Where were our leaders?
The problem with liberals is that they forget to be liberal. They claim to believe in civil rights, yet after the events of (Jan. 8), I have to say there was not much evidence of that. Where were they when their neighbors were being kicked in the gut by the media? We were all horrified by the tragedy at “our Safeway.” We all cried and prayed for the victims and families, sometimes even together.
But within hours of the shooting the media and Internet began the overt criminalization of conservatism. We weren’t sure if we were safe in our homes, hearing threats to Tea Party members and Republicans. Yes, that’s right, threats to our neighbors and families in our community coming from liberals!
Our civil rights were in question, and there were no defenders stepping forward. Where were our community leaders? They were busy participating in this all-out liberal assault of conservatives as murderous haters, an assault unprecedented in American history. I couldn’t help but wonder, whether or not the Sheriff would respond if I had a cry for help, and he knew I was conservative?
As the week passed so painfully, it became apparent that there is a new reality that many of us are just beginning to recognize for the first time. This isn’t the liberalism of 10, 20, or 50 years ago; this is something new that is happening in America. It begs the question, what if a different event had happened or a new event occurs in the future that actually does have the slightest connection to the Tea Party, conservatism or Republicans; it’s not difficult to imagine what might occur. I’m thinking back to Germany after the Great War, as Nazism slowly took hold. The thought could entertain my worst fears.
At the same time, the majority of conservatives seem only too eager to sign on to the liberals’ suddenly invented “civility and togetherness” agenda prompted by people who were calling conservatives murderers the day before.
Speaking only for myself, the picture is very mixed as to the state of this conservative consciousness. But at least some of us are beginning to awaken, at least somewhat, to the truth about liberalism and the media.
Karen Rossmann, Casas Adobes
Let’s not start blaming others
As we grieve over the recent shooting in Arizona, let us not fall into the trap of blaming others. That keeps us stuck in partisan bickering that many believe got us here. Nobody wins except the hate-mongers.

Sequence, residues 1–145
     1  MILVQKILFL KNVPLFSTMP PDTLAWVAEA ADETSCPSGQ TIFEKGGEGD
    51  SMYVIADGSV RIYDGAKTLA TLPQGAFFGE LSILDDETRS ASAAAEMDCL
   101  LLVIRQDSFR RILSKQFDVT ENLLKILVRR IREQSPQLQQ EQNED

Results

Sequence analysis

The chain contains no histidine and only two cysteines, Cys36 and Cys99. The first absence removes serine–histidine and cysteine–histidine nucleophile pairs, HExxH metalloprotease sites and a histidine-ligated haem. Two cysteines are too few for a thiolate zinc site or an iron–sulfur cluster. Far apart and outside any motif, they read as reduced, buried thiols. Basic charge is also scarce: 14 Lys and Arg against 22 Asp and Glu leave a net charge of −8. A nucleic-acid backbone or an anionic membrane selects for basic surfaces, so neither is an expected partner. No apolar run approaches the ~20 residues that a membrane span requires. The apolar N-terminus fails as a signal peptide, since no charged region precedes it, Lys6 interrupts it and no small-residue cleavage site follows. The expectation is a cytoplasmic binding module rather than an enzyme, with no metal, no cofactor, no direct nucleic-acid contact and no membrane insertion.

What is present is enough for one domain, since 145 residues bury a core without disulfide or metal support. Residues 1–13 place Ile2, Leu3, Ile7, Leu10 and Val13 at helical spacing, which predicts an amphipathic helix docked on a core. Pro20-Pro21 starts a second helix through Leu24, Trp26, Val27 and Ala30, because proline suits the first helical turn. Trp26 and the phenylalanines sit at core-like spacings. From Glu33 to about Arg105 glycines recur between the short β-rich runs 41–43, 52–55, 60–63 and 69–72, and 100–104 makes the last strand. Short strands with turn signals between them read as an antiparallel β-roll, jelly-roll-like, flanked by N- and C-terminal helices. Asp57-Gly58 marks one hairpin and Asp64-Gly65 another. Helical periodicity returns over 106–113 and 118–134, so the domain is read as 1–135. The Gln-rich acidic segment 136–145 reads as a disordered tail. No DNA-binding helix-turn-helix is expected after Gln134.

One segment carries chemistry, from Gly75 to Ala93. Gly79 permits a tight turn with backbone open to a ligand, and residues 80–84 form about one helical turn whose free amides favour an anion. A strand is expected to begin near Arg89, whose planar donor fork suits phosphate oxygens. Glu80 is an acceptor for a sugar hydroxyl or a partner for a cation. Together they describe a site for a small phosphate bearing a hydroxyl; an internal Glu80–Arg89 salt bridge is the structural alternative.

It’s imperative for us to be courageous and let our better nature speak for us. At a time of great division, when vehement rhetoric and secession preceded gunfire and war by weeks, President-elect Lincoln said: “We are not enemies, but friends. We must not be enemies. Though passion may have strained, it must not break our bonds of affection. The mystic cords of memory will swell when again touched as surely they will be by the better angels of our nature.”
President Obama spoke those same words on election night. Let’s remember them and try to live by them. Let’s listen a little more, speak more honorably and respectfully, and be a little kinder and gentler in our dealings with each other. This way everybody wins except the hate-mongers. And that’s OK with me.
Judy Bamberger, Australia
Students have the right to pray
Mr. Bob Black’s letter to the Editor in the January 12 issue of The Explorer, had numerous erroneous statements regarding the lack of religion in today’s world that cannot be ignored. He asked, “Why is prayer condemned at high school football games and other activities?” Later on he said, “We have outlawed the use of the term ‘God’ in our school system, debated the acknowledgement of God on our coinage, forbidden prayer in the schools and protested and removed the Ten Commandments from key locations in some[sic] our cities.”
As a retired public school educator and having served 16 years on a local School Board, I can assure Mr. Black, that prayer has not been condemned at games or in school. Since public schools are funded by taxes, Constitutional law (the First Amendment) prohibits administrators, teachers, or staff from instigating, requiring, or leading prayer in public schools. Students, however, have the right to pray at any time. The word “God” is not outlawed and, in fact, is said every time the Pledge of Allegiance is recited. World religions, as a subject or part of history can be taught in public schools, but one specific religion cannot be singled out.
“In God we trust,” has been and is still on our money. I doubt that it will be removed any time soon. It is true that the Ten Commandments have been removed from governmental buildings and sites, due to the First Amendment. We are a nation of many different religions. Our Founding Fathers were wise to ensure separation of state and religion to prevent the control of one over the other. I would think that Mr. Black should be thankful that government cannot control his religion and vice versa.
Janice E. Mitich, Tucson
Sheriff should unite, not accuse
If Sheriff Dupnik thought that the political speech of those opposed to Gabrielle Giffords created an environment of physical danger, why in the world didn’t he assign someone to protect her? Either he doesn’t believe his own accusations or he is incompetent. Either way, he should just focus on the facts and to the extent that he feels the need to provide commentary, it should be for the purpose of bringing us together, not to accuse.
Chuck Bolotin, Oro Valley